A campus police officer overheard city police discussing the credibility of the accuser in the Duke University rape case, including their judgment that the accuser "kept changing her story," officials said Wednesday.
Those remarks by police were cited in an independent university report released earlier this week as a reason school officials underestimated the seriousness of the woman's allegations and responded slowly.
The report did not say how school officials learned about the police comments. Duke Police Chief Robert Dean offered details Wednesday, explaining that the campus officer who overheard the conversation also did not ask Durham police any follow-up questions.
Aaron Graves, Duke's associate vice president for campus safety and security, said the campus officer did nothing wrong as he "documented what took place" in the hours after the rape was reported, including "what he felt or perceived he heard" from Durham police.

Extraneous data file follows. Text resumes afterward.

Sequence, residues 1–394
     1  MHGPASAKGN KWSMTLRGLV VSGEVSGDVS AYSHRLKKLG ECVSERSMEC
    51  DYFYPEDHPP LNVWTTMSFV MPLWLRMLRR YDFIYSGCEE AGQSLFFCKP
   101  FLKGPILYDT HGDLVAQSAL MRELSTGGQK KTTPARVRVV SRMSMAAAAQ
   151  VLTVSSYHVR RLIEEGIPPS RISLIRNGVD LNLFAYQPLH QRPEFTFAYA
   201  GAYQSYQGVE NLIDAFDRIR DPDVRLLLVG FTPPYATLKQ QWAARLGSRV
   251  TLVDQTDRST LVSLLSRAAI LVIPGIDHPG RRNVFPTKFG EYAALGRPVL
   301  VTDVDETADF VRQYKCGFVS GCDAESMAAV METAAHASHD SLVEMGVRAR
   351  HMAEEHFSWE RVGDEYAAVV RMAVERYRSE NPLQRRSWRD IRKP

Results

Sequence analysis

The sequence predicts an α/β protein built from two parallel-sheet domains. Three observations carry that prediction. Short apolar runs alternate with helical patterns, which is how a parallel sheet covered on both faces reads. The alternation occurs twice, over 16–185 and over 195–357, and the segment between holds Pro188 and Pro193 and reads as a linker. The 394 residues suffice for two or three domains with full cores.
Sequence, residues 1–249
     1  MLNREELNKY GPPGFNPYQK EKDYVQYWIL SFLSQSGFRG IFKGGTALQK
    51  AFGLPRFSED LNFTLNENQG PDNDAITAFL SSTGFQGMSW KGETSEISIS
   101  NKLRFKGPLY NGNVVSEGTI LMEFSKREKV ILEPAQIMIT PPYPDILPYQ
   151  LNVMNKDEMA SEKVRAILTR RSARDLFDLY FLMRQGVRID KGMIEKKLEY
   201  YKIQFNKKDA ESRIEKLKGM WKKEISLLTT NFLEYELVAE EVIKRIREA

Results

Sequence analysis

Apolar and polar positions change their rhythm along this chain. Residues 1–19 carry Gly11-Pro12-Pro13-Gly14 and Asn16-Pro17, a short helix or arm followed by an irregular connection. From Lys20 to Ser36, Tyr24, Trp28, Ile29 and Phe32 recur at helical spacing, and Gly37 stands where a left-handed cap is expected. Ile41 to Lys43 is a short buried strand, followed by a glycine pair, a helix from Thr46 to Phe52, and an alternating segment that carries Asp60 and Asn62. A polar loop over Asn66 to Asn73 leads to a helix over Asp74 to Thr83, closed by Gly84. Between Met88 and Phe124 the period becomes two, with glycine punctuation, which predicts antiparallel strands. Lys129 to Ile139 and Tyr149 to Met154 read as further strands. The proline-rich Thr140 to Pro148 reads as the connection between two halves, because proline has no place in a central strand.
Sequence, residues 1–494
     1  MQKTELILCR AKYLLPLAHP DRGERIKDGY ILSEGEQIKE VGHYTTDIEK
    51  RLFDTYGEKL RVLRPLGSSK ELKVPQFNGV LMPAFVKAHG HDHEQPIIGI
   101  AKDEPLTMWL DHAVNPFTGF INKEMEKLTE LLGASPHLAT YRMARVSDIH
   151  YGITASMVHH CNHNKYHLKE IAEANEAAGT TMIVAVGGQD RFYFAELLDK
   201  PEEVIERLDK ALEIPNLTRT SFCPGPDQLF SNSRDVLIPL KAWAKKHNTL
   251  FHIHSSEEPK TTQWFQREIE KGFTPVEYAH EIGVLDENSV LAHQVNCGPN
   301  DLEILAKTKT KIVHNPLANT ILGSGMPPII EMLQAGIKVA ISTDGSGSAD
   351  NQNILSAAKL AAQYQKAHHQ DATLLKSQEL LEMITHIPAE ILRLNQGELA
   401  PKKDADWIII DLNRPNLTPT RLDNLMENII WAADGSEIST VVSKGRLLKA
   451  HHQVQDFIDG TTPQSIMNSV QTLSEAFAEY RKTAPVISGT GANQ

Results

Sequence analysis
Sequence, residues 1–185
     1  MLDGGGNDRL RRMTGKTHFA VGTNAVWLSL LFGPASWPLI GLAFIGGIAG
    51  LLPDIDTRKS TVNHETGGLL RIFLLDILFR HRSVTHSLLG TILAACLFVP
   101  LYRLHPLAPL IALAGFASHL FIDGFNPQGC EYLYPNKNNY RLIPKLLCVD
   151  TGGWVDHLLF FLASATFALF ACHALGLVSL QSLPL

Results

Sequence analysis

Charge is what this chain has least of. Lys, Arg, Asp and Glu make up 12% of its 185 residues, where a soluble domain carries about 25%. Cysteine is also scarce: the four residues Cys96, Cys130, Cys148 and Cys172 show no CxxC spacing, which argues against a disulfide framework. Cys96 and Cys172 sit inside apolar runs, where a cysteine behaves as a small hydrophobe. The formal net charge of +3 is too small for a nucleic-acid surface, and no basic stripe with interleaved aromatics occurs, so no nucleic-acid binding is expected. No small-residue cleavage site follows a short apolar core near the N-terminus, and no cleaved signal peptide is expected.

However, Graves said, "We clearly could have done a better job."
Both Durham's mayor and city manager have objected to the suggestion city officers did not take the accuser's complaint seriously. The woman, a 27-year-old student at a nearby university, told police she was raped at a March 13 party where she was hired to perform as a stripper.
"The Duke officer got a snapshot of the conversation. He didn't have the context of the conversation," City Manager Patrick Baker said. "Everything that the Durham Police Department has done has been consistent with taking the allegation of a sexual assault seriously."
A campus police report filed March 14 states that the accuser, who is black, initially said she was raped by 20 white men. It goes on to say she changed her story several times, and that Durham police stated that the charges "would not exceed misdemeanor simple assault."
"I think it's important to understand that this initial report was a preliminary report," Graves said. "This was not the conclusion of the entire investigation."
The issue of the accuser's credibility has been raised by defense attorneys, who have asked the court to hold a hearing on her reliability.
Also Wednesday, a judge rescheduled the next court appearance of one of the two players charged with rape, kidnapping and sexual assault.
Collin Finnerty was set to appear with co-defendant Reade Seligmann on May 18. Judge Ronald L. Stephens moved Finnerty's hearing to mid-June after defense attorneys said the prosecution would not be able to complete evidence discovery by next week.
Seligmann's attorney, Kirk Osborn, said his client was still scheduled to appear in court next week.